Turkey announced its first major bond sale since March on Tuesday, taking advantage of a global bond rally and a recovery in domestic sentiment over the last couple of months.
The Turkish Ministry of Treasury and Finance said it had mandated three banks for a five-year, dollar-denominated “eurobond issue” that bankers involved estimated would offer buyers around 6.65% interest.
“As part of the 2019 external borrowing program, the Ministry of Treasury and Finance has mandated BNP Paribas, Citigroup and HSBC for the issuance of a dollar denominated bond due 2024,” the Treasury said in a statement.
Those costs have come down over the past eight weeks. The interest rate premium, or spread, of Turkish government bonds to U.S. Treasuries has fallen from 600 basis points in late May to around 465 now.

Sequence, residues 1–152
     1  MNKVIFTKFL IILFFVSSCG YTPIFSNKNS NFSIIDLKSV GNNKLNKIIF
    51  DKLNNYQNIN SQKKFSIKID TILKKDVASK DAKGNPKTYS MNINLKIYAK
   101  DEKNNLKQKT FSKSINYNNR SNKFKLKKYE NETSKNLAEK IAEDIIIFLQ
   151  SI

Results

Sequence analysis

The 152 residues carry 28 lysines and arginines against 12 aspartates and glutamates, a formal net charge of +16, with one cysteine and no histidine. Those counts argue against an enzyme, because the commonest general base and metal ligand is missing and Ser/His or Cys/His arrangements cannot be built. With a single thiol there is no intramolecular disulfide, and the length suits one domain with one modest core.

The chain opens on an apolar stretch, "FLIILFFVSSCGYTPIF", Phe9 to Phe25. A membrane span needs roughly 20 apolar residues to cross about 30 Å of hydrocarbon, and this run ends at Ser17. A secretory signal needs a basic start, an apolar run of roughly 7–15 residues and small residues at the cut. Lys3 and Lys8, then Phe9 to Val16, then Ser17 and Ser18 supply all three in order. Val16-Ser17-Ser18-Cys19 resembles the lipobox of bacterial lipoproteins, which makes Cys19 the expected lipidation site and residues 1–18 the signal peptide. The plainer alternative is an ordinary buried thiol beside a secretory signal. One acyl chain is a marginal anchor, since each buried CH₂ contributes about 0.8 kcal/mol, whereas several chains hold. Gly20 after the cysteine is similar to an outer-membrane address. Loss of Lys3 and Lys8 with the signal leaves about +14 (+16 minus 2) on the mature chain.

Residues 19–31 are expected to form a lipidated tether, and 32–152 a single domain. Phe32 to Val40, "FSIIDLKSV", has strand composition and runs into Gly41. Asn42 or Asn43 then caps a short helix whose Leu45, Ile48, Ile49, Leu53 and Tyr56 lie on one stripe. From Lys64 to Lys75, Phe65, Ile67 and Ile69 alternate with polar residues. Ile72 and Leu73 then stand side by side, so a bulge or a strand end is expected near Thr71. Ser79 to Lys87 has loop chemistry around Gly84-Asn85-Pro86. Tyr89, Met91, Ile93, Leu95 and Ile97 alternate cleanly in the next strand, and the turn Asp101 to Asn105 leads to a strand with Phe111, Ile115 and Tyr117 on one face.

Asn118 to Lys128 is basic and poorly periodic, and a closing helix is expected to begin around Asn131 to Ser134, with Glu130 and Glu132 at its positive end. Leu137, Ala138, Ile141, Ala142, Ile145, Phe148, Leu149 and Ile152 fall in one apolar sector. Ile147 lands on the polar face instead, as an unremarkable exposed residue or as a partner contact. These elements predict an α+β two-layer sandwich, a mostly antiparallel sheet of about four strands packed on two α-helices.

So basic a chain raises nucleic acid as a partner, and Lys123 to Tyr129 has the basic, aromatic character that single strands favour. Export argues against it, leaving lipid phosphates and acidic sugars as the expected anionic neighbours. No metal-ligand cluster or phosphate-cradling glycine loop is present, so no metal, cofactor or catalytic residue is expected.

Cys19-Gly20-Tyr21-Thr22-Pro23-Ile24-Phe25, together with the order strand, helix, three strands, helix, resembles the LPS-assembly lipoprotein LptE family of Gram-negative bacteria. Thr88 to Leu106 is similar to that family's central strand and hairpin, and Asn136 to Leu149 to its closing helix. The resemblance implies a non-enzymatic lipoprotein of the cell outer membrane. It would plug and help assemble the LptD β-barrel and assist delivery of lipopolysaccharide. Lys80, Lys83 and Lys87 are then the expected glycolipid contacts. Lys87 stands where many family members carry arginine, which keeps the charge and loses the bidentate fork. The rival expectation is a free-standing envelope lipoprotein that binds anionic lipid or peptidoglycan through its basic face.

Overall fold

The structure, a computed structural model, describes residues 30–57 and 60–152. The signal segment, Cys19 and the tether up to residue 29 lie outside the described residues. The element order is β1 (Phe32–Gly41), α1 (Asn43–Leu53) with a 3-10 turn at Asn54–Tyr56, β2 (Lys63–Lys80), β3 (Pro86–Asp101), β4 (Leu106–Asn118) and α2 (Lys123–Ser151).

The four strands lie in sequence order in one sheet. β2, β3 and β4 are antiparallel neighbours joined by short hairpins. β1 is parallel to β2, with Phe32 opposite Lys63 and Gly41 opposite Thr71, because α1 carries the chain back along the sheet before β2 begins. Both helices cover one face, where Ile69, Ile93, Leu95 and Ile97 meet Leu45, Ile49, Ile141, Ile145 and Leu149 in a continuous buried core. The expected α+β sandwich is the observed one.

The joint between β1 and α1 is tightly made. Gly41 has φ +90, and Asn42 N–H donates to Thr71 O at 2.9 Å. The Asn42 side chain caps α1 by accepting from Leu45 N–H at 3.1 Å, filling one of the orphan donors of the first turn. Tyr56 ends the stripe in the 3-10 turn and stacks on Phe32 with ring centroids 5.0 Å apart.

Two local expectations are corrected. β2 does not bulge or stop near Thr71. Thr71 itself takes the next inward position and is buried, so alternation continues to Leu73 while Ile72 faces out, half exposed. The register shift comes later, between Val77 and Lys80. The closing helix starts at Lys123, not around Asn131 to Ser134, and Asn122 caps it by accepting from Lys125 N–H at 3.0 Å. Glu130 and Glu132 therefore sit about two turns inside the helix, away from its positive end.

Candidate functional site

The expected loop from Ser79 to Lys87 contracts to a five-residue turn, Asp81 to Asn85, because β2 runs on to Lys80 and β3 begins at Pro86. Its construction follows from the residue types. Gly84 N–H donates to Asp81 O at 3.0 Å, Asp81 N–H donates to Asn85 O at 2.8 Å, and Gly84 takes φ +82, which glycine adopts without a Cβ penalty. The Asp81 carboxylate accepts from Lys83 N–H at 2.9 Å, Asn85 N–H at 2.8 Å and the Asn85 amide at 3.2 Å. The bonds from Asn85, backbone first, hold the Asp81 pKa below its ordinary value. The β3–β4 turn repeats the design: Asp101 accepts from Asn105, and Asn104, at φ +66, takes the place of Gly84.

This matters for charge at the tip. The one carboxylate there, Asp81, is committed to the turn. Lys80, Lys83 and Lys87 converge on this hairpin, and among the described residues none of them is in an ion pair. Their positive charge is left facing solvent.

The lira has rallied more than 7%, too, including a 2.8% leap on Monday after President Tayyip Erdogan said U.S. President Donald Trump had indicated no U.S. sanctions would be imposed over Turkey’s purchase of a Russian S-400 missile defence system.
The indicated 6.65% interest rate on the new bonds is slightly above the rate for Turkey’s existing bonds maturing in 2025, said Aberdeen Standard Investments portfolio manager Viktor Szabo.
“They are giving 15-20bps of concession (to existing 2025 bond) which is not great, and Turkish bonds have rallied a lot recently, so we will see what the appetite (for the new bonds) is,” he said.
Marcelo Assalin, head of emerging market debt at NN Investment Partners, a Netherlands-based asset manager added: “Investors will be a bit demanding in terms of premium as Turkey is a fundamentally challenged credit.”
“But liquidity is in the driving seat, and the expectation of more accommodative monetary policy in Europe is driving demand for paper that offers an alternative to low-yield government bonds in Europe.”